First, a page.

(All times are MST. Check local listings for more information)
Friday, December 08, 2006
In Hollywood these days singers want to be actors and actors want to be directors and people without any talent just want to be famous. So while it's not uncommon for stars to try to be everything for their fans, only a select handful can muster the versatility required to be a true Hollywood Triple Threat. Willie Nelson is just such a star. His next movie Fighting with Anger isn't due out for several months, but the premise is so intriguing I couldn't wait to comment on it. In it, Nelson comes off as the Hollywood Triple Threat that is arguably the hardest to duplicate: actor, singer, martial artist. Don't let the fact that he's 73 fool you, he can still swing a round house with the best of them and Fighting with Anger is the perfect vehicle to showcase his talents.
From the film's official web site: "Ray is a young, beautiful, secret and deadly assassin. Her skill and anger are thrived by her past and a mysterious young man that is the focus of her life. When her last job goes terribly wrong and an innocent woman is killed, she is faced with the pain of her past and a new nemesis that emerges from the shadows. Why does she fight with such anger?" Why indeed. But the film's anchor is Nelson: "The country music legend is featured as Will, the experienced hit man that takes Ray under his wing. Nelson is a black belt in Tae Kwon Do and has a great interest in the action movie genre. His devotion to the project will play a major part of the film's success." Nay, his devotion is more than a major part. The fate of this film rests solely on the shoulders of the Red Headed Stranger (gray hair now). He has even written some songs for film's soundtrack including an ominous collaboration with Del Castillo Brothers entitled "In the Shadows."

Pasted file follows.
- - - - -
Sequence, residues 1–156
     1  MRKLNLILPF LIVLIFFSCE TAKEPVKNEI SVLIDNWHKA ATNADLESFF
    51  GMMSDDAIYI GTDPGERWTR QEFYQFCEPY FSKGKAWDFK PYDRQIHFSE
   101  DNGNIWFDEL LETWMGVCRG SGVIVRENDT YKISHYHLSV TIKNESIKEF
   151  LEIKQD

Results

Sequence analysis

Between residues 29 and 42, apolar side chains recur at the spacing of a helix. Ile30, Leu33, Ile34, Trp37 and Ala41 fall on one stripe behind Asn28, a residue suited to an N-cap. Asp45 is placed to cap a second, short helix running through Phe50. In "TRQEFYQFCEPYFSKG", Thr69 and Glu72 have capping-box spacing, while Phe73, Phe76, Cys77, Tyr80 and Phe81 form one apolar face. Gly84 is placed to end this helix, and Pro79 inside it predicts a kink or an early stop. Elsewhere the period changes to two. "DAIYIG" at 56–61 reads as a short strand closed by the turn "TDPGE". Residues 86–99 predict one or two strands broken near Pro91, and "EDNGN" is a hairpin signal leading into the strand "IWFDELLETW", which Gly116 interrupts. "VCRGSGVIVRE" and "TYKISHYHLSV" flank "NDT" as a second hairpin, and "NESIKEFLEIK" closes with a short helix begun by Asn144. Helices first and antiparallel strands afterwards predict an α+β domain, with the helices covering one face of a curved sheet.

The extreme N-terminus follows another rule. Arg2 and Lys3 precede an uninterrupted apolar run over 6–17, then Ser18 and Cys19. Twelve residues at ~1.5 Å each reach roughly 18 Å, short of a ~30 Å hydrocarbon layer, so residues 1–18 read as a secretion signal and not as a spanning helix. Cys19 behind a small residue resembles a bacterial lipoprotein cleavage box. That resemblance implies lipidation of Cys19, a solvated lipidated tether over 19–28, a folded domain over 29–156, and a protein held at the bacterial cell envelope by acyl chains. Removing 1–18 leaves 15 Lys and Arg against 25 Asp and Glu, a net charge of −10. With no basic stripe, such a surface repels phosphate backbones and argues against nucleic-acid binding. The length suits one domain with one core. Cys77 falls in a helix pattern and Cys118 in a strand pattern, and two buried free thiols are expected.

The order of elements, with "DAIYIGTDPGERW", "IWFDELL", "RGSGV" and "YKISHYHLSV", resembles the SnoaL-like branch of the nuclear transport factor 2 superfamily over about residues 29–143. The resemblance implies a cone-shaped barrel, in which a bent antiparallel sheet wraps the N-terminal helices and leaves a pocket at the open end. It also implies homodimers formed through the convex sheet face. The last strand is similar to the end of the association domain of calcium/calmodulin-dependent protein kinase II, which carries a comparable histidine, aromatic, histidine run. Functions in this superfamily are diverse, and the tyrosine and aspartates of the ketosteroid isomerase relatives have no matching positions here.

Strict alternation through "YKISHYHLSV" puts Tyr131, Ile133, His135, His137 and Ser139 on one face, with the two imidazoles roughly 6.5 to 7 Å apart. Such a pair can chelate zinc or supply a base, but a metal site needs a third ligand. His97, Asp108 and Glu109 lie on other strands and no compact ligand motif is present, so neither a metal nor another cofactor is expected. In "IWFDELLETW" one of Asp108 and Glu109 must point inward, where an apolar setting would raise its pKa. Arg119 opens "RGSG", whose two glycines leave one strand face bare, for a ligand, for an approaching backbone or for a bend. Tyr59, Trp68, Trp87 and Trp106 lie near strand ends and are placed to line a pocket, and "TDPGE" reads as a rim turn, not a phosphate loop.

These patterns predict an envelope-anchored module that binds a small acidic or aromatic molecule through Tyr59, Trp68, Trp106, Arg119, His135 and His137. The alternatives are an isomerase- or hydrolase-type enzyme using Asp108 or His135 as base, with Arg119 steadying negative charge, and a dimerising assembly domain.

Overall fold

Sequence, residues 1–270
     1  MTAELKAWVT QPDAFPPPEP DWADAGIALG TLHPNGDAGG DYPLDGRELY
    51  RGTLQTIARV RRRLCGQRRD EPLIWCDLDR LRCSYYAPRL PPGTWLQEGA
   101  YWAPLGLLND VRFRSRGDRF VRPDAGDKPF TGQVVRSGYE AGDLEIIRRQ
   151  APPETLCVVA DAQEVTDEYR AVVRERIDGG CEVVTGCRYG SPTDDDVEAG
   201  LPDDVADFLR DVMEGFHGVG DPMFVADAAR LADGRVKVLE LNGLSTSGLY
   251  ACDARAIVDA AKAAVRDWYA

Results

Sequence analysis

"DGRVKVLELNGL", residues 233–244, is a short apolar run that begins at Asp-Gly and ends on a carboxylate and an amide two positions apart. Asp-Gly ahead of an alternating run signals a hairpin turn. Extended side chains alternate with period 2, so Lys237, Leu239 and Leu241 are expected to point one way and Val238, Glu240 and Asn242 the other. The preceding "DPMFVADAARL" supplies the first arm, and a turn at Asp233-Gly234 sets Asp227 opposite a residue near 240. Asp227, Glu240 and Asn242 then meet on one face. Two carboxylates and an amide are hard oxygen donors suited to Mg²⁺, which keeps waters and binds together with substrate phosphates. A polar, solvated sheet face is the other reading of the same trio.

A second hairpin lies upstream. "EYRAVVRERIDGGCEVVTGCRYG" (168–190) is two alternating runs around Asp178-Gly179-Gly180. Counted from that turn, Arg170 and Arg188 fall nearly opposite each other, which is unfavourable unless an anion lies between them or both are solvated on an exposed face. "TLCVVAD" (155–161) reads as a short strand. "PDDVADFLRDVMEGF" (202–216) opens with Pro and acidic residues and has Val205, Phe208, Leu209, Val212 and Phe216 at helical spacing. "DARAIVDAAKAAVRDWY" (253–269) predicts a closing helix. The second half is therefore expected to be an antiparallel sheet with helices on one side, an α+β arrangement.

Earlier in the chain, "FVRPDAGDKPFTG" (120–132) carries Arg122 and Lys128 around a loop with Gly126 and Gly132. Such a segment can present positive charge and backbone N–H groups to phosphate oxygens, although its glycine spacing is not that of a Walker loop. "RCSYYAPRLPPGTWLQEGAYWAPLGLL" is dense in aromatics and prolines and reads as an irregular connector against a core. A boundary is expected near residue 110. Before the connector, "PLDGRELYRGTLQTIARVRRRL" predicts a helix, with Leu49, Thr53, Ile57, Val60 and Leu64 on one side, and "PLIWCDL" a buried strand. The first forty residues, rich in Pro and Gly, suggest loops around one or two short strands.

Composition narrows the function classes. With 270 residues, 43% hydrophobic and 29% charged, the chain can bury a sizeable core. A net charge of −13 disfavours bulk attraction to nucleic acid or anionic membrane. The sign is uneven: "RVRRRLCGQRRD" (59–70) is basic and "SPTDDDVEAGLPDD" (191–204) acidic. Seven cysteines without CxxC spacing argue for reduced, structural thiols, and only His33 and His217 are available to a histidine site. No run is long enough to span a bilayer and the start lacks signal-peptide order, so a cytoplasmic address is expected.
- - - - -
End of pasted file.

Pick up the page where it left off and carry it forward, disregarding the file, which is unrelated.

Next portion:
Not since Chuck Norris have we seen this range. You all know Chuck from his hit TV show Walker, Texas Ranger, but did you also know he performed the show's theme song, the BMI Music Television Award winning "Eyes of a Ranger"? Did you know he was six-time undefeated World Professional Middle Weight Karate Champion? For more interesting facts on Chuck, go here (but I warn you, you'd better have a lot of time to waste).
Who will emerge as the next Hollywood Triple Threat? Only time will tell if Jackie Chan or Jet Li will release a pop album. Until then, we've got the talented Willie Nelson happily singing while giving bad guys the beat down in low-budget movies.
Speaking of low budget, after he's done fighting with anger, Nelson will reprise his role as Uncle Jesse in a straight-to-video prequel of The Dukes of Hazzard. Sadly, he is the only cast member from the first movie returning for the second. Needless to say, the fans of the first movie are up in arms. Here's a quote from a fan message board, and as you'll see, I made no effort to correct any grammar errors:
"You know whats stupid. They didn't even put the real actors (from the first movie)in the second movie. Why is not my favorite Celebrity Jessica Simpson in this movie. Or Johny, Scott in this movie is not going to be the same. I love THE DUKES OF HAZZARD. But with Jessica Simpson, Johny, Scott. I mean Jonathan Bennett is also one of my favorite actors, but I hoped that Jessica Simpson was going to be in this movie. Well what cant we do nothing.. The first Dukes movie still rock my socks."The Infinite Monkey Theorem states that a million monkeys typing on a million typewriters would eventually recreate the works of Shakespeare. The Internet has proven that theorem false.